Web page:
EU ministers ask for ‘integration contract’ for immigrants

Following an initiative of their French colleague Nicolas Sarkozy, the interior ministers of the EU’s six biggest member states have agreed to examine the possibility of asking potential EU immigrants to sign an ‘integration contract’. 

The proposal is modelled on a similar initiative from Sarkozy in France. The ministers from France, Germany, the UK, Spain, Italy and Poland – the so-called G6 – came together on 23 March 2006 in the German Baltic seaside resort of Heiligendamm. They agreed to propose to the 19 smaller EU countries the introduction of an EU-wide ‘integration contract’ either by way of a review of their current immigration procedures or by the introduction of new provisions.  

So far, provisions that immigrants have to undergo are quite diverse throughout the EU. In Germany, for example, immigrants applying for full citizenship have to pass tests in only two of the country’s 16 Länder. Critics argue that most Germans would not themselves be able to pass the test of the Land of Hessen, for instance. Germany’s interior minister Wolfgang Schäuble (Christian Democrat) has repeatedly argued in favour of a plan to introduce one single citizenship test for immigrants into the whole of Germany.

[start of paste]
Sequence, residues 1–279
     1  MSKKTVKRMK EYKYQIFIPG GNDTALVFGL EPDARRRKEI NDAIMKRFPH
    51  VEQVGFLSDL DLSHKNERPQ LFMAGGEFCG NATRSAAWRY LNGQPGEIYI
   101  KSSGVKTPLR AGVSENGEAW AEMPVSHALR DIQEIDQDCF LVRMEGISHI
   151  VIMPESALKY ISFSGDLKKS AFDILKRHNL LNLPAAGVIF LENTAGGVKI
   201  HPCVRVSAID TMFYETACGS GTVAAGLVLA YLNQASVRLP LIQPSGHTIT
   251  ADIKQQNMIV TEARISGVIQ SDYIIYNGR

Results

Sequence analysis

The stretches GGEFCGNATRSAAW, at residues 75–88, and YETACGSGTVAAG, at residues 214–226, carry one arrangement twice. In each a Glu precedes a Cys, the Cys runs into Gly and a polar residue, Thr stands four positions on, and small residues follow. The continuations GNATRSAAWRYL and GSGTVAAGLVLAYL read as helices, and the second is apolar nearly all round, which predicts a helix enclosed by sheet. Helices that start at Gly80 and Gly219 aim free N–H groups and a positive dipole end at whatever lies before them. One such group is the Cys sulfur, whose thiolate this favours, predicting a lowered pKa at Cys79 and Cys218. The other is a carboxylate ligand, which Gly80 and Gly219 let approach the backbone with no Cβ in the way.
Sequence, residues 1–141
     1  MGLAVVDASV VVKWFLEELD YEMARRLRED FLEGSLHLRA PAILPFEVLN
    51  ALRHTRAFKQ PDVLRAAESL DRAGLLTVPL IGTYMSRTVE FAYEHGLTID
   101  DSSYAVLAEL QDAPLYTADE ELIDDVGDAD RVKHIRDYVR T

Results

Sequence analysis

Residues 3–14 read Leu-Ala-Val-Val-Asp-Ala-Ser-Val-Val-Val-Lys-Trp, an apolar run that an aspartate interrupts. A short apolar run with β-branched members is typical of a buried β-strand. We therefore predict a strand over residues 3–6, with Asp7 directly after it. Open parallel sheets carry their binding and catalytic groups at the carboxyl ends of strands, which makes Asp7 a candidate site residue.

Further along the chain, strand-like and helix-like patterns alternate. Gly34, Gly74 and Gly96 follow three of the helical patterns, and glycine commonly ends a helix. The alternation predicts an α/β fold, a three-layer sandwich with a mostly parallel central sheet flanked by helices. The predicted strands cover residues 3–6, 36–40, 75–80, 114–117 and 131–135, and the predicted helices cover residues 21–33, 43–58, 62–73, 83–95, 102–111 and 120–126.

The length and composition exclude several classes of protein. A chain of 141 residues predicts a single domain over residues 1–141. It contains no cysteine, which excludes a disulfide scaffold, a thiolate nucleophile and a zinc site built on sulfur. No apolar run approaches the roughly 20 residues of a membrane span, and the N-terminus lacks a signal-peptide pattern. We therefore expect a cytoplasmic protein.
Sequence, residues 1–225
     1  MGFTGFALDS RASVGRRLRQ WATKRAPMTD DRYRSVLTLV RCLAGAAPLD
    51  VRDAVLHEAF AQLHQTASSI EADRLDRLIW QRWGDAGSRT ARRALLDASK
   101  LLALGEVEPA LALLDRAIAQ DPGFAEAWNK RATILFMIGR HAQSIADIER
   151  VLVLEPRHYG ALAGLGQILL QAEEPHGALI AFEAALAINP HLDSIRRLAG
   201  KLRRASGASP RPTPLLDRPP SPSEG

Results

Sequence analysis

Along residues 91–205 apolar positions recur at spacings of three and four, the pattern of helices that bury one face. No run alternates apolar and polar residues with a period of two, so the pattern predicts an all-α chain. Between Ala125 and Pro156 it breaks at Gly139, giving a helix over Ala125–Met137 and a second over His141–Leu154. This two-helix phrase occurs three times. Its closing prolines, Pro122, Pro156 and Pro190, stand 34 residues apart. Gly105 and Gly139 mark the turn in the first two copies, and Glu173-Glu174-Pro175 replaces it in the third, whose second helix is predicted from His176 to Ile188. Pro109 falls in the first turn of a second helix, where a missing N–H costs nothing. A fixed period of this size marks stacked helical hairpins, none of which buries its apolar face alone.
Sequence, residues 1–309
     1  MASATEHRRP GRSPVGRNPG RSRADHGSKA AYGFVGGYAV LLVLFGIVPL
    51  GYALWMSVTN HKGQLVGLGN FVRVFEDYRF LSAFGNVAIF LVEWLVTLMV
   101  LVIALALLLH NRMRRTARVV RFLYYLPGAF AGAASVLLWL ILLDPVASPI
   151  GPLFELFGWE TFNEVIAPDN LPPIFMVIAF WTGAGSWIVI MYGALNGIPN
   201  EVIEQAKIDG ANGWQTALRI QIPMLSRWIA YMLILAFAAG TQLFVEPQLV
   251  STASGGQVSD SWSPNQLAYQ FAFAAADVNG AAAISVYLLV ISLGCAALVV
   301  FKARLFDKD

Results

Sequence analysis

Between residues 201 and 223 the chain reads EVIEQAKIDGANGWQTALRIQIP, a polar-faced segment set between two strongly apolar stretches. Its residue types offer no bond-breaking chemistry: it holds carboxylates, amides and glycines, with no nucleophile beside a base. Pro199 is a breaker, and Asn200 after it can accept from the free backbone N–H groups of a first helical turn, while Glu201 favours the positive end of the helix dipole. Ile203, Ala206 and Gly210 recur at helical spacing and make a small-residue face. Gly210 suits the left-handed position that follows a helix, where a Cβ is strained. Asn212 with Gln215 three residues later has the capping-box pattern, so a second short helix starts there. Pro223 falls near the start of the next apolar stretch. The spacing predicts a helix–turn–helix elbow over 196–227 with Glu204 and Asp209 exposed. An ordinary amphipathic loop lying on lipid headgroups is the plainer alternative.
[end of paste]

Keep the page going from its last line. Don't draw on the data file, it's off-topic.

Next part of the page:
Schäuble has now said that the contract proposed at Heiligendamm should not be viewed as a threat to immigrants, but rather as a sign “that we are offering to integrate them” and that immigration must be a “reciprocal” process. He said differing forms of integration procedures were needed, ranging from initial immigration to tests for full citizenship. At the same time, Edmund Stoiber, the influential leader of the Bavarian conservatives, argued in favour of US-style immigration tests to be introduced for the whole of Germany. “It has to be clear that in our country the monopoly of power belongs to the state and not the Turkish man,” Stoiber told the Bild  tabloid. 

The Financial Times  quoted UK Home secretary Charles Clarke as saying that he supported the move towards an integration contract, which could be used as a check that “new immigrants live up to the values of our society” – with expulsions a possible consequence if they did not.

G6 interior ministers hope to agree the terms of the ‘intergration contract’ at their next meeting at the beginning of May in the Bavarian town of Garmisch-Partenkirchen. 

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